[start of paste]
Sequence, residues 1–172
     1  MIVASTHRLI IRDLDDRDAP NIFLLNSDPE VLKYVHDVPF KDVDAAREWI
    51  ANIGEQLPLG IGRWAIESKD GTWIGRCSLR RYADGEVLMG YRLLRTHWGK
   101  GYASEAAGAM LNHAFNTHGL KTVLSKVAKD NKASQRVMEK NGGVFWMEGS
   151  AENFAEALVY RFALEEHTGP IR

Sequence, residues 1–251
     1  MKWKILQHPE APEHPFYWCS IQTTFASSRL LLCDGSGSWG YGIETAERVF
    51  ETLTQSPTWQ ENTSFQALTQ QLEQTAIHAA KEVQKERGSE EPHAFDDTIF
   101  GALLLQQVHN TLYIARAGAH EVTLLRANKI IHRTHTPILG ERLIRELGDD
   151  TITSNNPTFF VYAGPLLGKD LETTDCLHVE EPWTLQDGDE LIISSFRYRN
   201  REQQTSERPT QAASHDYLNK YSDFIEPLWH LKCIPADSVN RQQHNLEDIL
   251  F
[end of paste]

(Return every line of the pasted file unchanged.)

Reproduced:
Sequence, residues 1–172
     1  MIVASTHRLI IRDLDDRDAP NIFLLNSDPE VLKYVHDVPF KDVDAAREWI
    51  ANIGEQLPLG IGRWAIESKD GTWIGRCSLR RYADGEVLMG YRLLRTHWGK
   101  GYASEAAGAM LNHAFNTHGL KTVLSKVAKD NKASQRVMEK NGGVFWMEGS
   151  AENFAEALVY RFALEEHTGP IR

Sequence, residues 1–251
     1  MKWKILQHPE APEHPFYWCS IQTTFASSRL LLCDGSGSWG YGIETAERVF
    51  ETLTQSPTWQ ENTSFQALTQ QLEQTAIHAA KEVQKERGSE EPHAFDDTIF
   101  GALLLQQVHN TLYIARAGAH EVTLLRANKI IHRTHTPILG ERLIRELGDD
   151  TITSNNPTFF VYAGPLLGKD LETTDCLHVE EPWTLQDGDE LIISSFRYRN
   201  REQQTSERPT QAASHDYLNK YSDFIEPLWH LKCIPADSVN RQQHNLEDIL
   251  F